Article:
I do not suggest setting the nova name to the exactly the same name that you defined for the ironic name. While the indexes should match, the name formats should vary enough that you can easily tell if you are looking at a nova name or an ironic name.
The use of HostnameMap will easily facilitate the replacement of a failed node so that you can provision the new node with the same nova name that was used by the original node before its premature death. Otherwise, nova will blacklist the nova name of the failed node. For example if controller0 dies and you need to replace and redeploy it, it will end up being named controller4 since this is the next number in the index.
os-collect-config is a tool that starts up via systemd when a system boots. It initially runs at boot time, but continues to run looking for changes in heat metadata. In a nutshell, os-collect-config is responsible for monitoring and downloading metadata from the Heat API.
When data changes, os-collect-config makes a call to os-refresh-config. This data provides the node with all of the information it needs to make configuration changes to the host – this data will be node specific.
Os-collect-config polls for data from sources (nova-metadata and heat) and stores them in /var/lib/os-collect-config/.
os-refresh-config is called by os-collect-config once it recognizes that metadata has changed within the Heat API for that specific node.
The important steps that os-refresh-config take are shown below
1) Apply systemctl configurables
2) Run os-apply-config (see below)
3) Configure the networking for the host
4) Download and set the hieradata files for puppet parameters
5) Configure /etc/hosts
6) Deploy software configuration with Heat
os-apply-config is called by os-refresh-config to sets up configuration files on specific nodes. It is called via ‘/usr/libexec/os-refresh-config/configure.d/20-os-apply-config‘.
As is does with the undercloud deploy, os-refresh-config executes scripts under /usr/libexec/os-refresh-config/ in a specific order based on numbering.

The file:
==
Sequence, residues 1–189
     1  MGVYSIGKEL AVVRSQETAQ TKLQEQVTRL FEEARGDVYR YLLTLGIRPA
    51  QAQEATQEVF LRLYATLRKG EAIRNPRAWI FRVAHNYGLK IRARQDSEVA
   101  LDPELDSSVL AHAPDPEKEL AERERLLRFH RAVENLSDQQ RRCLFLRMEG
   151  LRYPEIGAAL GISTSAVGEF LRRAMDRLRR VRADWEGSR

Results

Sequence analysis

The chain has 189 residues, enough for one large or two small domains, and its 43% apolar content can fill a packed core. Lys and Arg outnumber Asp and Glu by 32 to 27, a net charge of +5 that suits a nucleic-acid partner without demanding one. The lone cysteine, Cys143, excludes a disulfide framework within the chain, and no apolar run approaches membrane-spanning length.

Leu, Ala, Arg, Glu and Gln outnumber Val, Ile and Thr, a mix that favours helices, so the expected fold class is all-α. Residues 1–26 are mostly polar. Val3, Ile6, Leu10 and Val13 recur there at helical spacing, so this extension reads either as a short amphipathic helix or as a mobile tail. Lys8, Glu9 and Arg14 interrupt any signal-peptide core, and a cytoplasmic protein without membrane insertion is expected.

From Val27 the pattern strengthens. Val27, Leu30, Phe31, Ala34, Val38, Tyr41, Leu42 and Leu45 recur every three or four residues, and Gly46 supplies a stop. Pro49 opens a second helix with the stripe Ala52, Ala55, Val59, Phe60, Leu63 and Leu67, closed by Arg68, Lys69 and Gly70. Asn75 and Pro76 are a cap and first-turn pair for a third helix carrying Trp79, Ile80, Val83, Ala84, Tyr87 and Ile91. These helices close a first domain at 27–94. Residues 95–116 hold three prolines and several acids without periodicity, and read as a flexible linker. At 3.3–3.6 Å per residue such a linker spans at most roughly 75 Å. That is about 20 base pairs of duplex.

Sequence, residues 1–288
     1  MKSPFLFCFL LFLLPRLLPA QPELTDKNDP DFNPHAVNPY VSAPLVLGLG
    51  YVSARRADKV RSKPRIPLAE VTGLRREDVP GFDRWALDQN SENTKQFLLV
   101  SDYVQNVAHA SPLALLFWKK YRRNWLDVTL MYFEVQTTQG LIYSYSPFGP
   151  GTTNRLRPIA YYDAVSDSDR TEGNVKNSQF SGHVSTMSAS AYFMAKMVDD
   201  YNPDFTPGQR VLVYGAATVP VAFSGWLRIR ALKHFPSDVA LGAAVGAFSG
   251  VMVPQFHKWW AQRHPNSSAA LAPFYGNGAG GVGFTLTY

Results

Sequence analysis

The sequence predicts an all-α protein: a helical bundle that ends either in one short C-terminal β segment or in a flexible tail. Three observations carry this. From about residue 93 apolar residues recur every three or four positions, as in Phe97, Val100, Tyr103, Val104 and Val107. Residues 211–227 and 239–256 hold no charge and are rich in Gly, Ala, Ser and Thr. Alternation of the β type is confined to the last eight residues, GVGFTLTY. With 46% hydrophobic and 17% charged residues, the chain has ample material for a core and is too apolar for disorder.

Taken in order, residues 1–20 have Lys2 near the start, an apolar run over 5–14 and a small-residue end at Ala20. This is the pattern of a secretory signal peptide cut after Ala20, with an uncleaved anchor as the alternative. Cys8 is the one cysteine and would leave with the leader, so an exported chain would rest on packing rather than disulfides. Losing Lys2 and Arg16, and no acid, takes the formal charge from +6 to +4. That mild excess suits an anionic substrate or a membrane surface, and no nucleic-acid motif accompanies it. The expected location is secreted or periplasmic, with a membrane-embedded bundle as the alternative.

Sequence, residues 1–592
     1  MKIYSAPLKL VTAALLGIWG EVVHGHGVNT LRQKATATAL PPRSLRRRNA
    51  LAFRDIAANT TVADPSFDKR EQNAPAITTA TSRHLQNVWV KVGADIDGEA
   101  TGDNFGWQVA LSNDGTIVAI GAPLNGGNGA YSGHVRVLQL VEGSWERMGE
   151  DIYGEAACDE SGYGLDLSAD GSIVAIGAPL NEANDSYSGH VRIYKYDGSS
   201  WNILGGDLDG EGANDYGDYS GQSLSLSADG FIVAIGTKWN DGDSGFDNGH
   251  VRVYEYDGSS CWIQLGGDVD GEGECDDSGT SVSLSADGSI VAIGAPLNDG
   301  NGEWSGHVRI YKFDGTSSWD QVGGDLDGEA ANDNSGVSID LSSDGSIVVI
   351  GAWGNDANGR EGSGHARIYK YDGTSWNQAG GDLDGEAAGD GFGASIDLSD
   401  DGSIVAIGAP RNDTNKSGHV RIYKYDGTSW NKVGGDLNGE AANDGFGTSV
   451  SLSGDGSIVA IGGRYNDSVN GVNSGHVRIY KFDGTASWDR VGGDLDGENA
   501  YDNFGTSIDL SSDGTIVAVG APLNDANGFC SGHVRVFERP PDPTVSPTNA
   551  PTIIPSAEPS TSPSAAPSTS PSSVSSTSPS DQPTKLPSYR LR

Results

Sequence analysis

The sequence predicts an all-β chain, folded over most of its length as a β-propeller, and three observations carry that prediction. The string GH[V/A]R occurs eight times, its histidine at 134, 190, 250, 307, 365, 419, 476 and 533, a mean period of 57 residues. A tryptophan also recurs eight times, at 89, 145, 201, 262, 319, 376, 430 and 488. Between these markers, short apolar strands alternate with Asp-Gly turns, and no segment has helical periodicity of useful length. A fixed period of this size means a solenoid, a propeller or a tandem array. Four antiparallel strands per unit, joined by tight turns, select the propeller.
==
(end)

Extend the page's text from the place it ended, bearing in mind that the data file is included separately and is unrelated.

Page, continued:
First scripts within thje pre-configure.d/ directory are run, then configure.d/ scripts are applied, and finally scripts in post-configure.d/.
It is within these scripts that the metadata downloaded by os-collect-config will be acted upon.
Any call to os-apply-config uses the files in /var/lib/os-collect-config as its configuration source.
The appropriate script files for doing so are as follows:
overcloud$ ll /usr/libexec/os-refresh-config/configure.d/
-rwxr-xr-x. 1 root root 396 Aug 5 07:31 10-sysctl-apply-config
-rwxr-xr-x. 1 root root 42 Aug 5 07:31 20-os-apply-config
-rwxr-xr-x. 1 root root 189 Aug 5 07:31 20-os-net-config
-rwxr-xr-x. 1 root root 629 Aug 5 07:31 25-set-network-gateway
-rwxr-xr-x. 1 root root 2265 Aug 5 07:31 40-hiera-datafiles
-rwxr-xr-x. 1 root root 1387 Aug 5 07:31 51-hosts
-rwxr-xr-x. 1 root root 5784 Aug 5 07:31 55-heat-config
If we run os-apply-config manually, we can see that it does the following:
The directory /os/net-config/ holds the config.json file that is used to modify the networking configuration on each host. The config found in this file is derived from the os-collect-config data in /var/lib/os-collect-config/.
Again you can use this file to review your networking configuration and compare and contrast to your templates. Formatting is off in the file below, but you get the point.